Researchers in Tanzania are conducting field trials in four regions on biological control of aflatoxins, namely Aflasafe, following a study in 2012, which showed high prevalence of the toxic compounds in maize and groundnuts in many parts of the country.
Aflatoxins has been linked to the recent outbreak of a strange disease in Chemba and Kondoa districts in Dodoma Region, which claimed the lives of over 10 people while dozens others were admitted to various hospitals after they reportedly consumed food contaminated with the toxins.
Speaking during a media briefing in Dar es Salaam on Tuesday, an officer in-charge of invasive pests and bio-control in the Ministry of Agriculture, Livestock and Fisheries, Ms Beatrice Pallangyo, mentioned Mtwara, Dodoma, Manyara and Morogoro as regions where the trials were being conducted. "Aflasafe has been used in the United States and a number of African countries; but we cannot use it in Tanzania until it passes through laid down procedures.
"We have standard procedures for production, importation and registration of bio-control agents; before approval they must undergo rigorous testing and the field trials are part of the analysis," the official explained.
The field trials are meant to check efficacy and safety of the new technology in minimising aflatoxins in the country and whether or not it has negative impact to human beings and the ecosystem, she further explained.
"At a later stage, we will involve experts from the Tanzania Food and Drugs Authority (TFDA) and the Arusha based Tropical Pesticides Research Institute (TPRI) as well as other private institutions in the research," Ms Pallangyo stated.
The Aflasafe was developed by the United States Department of Agriculture-Agricultural Research Service (USDA-ARS) and modified for Africa by the International Institute of Tropical Research (IITA) and other partners.
A Senior Plant Pathologist for IITA-Eastern Africa, Dr George Mahuku, pointed out that the bio-control method uses native strains of A.flavus that do not produce aflatoxins but are able to out-compete and displace aflatoxins-producing strains and thus reducing contamination in crops.
According to a Research Plant Pathologist at USDAARS, Professor Peter Cotty, the Aflasafe reduces prevalence of aflatoxins in groundnuts and maize by between 80 and 99 per cent from farm to storage facilities. Aflatoxins are highly toxic chemicals produced mainly by fungi in several food crops, which are becoming a threat to achieve food security and reduce poverty in rural communities.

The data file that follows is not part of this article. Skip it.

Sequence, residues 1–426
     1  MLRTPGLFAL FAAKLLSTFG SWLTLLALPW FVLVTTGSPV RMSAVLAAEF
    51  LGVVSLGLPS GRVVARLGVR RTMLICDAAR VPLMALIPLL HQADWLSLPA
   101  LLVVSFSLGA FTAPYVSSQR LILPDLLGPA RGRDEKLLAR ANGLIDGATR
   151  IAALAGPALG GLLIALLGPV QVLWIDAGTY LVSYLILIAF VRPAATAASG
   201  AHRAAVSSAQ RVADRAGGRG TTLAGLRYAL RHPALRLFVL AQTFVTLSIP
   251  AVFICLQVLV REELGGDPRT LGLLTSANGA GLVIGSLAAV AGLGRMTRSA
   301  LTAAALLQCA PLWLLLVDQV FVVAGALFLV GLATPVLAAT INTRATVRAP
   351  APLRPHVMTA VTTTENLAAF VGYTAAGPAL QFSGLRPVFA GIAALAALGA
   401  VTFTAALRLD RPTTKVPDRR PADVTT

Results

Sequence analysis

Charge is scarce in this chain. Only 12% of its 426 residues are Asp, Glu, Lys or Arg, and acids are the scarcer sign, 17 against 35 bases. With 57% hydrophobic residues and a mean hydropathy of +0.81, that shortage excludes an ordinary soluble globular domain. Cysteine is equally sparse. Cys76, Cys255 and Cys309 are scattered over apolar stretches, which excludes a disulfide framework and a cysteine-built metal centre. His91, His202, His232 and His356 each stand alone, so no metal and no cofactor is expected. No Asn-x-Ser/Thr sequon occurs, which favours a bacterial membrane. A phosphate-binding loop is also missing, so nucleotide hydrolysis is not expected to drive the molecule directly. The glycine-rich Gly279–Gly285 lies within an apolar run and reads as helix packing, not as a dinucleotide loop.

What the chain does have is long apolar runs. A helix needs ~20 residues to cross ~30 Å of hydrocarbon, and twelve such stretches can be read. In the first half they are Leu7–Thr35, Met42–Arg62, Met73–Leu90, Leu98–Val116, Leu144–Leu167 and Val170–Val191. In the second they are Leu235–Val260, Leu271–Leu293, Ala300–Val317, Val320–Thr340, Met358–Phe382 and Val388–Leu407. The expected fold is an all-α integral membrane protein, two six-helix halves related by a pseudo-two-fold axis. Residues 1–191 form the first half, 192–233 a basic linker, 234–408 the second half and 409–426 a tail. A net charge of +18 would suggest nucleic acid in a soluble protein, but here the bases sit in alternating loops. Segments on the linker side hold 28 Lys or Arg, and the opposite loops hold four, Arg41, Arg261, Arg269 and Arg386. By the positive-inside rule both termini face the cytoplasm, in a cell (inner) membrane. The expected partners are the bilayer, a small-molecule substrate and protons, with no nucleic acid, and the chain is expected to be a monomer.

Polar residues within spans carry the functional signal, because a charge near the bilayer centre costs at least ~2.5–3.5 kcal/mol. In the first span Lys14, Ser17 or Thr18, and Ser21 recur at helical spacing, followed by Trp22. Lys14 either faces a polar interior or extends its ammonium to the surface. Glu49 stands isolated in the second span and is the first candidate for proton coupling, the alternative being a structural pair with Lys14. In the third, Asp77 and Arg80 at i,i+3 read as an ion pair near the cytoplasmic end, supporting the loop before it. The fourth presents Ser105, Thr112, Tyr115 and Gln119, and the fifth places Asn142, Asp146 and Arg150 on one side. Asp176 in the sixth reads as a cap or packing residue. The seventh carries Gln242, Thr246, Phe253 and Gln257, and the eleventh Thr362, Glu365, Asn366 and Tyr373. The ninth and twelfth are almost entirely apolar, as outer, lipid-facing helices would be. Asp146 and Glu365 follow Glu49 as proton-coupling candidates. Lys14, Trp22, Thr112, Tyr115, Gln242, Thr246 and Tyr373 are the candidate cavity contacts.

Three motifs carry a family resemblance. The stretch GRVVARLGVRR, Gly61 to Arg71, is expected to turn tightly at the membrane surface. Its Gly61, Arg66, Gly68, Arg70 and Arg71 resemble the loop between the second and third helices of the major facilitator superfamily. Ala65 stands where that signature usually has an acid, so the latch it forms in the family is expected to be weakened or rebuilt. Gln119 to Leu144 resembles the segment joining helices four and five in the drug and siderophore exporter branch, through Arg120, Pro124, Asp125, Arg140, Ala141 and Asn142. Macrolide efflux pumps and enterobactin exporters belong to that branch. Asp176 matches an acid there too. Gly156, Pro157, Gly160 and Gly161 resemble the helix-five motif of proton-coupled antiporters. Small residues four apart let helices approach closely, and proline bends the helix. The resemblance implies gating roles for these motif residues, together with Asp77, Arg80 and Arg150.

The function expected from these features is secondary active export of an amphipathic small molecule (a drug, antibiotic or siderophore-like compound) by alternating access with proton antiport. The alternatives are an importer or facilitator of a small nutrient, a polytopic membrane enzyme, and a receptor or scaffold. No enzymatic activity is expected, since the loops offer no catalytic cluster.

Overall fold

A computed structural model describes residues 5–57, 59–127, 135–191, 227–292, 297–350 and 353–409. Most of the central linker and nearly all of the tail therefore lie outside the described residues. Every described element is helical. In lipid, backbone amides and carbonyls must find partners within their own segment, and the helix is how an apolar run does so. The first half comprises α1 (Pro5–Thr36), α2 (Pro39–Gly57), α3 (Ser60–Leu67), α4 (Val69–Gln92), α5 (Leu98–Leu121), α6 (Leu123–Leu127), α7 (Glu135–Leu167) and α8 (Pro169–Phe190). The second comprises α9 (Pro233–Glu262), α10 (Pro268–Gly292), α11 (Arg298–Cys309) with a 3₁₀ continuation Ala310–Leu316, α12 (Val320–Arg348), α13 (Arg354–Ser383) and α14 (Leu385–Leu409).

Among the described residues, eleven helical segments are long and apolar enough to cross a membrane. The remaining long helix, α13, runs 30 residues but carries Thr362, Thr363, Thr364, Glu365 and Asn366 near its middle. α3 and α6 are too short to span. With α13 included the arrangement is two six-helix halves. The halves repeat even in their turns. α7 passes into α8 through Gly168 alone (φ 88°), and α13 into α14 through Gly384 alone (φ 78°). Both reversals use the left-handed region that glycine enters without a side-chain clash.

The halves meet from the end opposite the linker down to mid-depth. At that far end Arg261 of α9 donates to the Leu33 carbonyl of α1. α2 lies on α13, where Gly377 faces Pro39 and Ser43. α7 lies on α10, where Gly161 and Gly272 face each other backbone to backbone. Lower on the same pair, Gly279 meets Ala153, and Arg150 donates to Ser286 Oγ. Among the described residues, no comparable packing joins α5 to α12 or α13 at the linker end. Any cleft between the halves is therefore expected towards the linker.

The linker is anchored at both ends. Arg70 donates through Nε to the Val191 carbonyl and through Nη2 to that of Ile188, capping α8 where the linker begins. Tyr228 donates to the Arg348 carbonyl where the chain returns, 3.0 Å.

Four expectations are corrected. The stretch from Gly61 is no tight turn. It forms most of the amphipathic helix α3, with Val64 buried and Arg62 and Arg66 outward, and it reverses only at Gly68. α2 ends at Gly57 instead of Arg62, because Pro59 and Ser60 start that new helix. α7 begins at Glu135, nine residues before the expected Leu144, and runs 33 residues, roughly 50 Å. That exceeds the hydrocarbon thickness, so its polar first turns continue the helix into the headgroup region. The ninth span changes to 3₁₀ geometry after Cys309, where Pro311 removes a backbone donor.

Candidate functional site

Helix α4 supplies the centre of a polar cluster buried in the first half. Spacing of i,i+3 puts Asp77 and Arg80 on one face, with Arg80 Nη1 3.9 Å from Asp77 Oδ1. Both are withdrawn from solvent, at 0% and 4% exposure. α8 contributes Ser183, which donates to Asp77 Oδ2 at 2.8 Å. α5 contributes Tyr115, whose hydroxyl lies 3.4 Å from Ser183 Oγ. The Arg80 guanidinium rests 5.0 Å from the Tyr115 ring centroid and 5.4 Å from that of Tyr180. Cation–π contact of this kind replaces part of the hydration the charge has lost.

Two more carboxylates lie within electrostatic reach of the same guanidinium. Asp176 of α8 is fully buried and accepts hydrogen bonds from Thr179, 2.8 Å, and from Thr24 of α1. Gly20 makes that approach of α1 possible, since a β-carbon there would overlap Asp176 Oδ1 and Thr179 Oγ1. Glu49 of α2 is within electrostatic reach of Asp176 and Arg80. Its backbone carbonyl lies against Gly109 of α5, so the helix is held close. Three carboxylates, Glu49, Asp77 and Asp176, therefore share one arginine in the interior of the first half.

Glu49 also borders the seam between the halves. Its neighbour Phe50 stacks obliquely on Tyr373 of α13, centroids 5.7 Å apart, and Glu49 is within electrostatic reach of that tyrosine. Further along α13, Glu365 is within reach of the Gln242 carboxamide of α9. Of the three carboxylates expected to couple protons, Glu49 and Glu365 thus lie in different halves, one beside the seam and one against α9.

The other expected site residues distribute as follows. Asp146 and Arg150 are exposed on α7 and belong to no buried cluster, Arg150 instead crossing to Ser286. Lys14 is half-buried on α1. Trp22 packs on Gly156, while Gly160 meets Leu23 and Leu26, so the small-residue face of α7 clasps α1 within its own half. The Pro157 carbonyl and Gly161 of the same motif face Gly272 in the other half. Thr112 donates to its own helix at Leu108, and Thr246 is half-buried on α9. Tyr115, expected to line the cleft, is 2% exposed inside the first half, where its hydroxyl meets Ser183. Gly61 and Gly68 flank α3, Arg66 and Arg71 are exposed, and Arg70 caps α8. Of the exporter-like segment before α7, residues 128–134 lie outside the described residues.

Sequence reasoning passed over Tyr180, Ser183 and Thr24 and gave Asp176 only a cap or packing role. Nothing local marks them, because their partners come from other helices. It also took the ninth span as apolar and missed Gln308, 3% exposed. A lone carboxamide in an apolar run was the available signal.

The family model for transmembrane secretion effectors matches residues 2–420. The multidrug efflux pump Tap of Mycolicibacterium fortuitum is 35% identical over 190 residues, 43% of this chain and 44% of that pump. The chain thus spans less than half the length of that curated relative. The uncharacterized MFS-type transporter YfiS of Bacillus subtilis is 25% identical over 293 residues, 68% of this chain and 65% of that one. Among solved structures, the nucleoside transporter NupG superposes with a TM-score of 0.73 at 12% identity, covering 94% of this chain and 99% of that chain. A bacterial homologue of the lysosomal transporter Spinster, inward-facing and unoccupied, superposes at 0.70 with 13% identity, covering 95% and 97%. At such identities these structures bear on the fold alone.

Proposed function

"The toxins cause cancer and liver diseases as well as suppressing the immune system and retarding the growth of children. "In cases of extreme poisoning, aflatoxins lead to rapid death for both human beings and livestock. Lactating mothers could as well pass on the poison to their toddlers," Prof Cotty, one of researchers who developed Aflasafe, noted.
Once approved and registered in Tanzania, the IITA laboratory in Dar es Salaam is capable of producing Aflasafe to treat 10,000 hectares per farming season. The technology is currently in use in Senegal,Nigeria, Kenya and Gambia while a number of other countries in the continent are in the process of approving the bio-control.
The Minister for Health, Community Development, Gender, Elderly and Children, Ms Ummy Mwalimu, told the 'Daily News' in a telephone interview yesterday that initial laboratory tests have indicated that the mysterious disease in Dodoma was caused by aflatoxins.
"We are still waiting for additional laboratory results of samples we sent to the United States' Centre for Disease Control (CDC), my ministry will give more updates next Monday", Ms Mwalimu said.
She further explained that patients who had been quarantined at the Dodoma Regional Referral Hospital and Kondoa District Hospital have been discharged after it was proved that the illness is not contagious.
In a related development, Ms Mwalimu said the ministry had written to the Disaster Preparedness Department in the Prime Minister's Office to provide food supplies to affected people in the two districts since most of the food there was feared to be contaminated with the toxins.
Source: Tanzania Daily News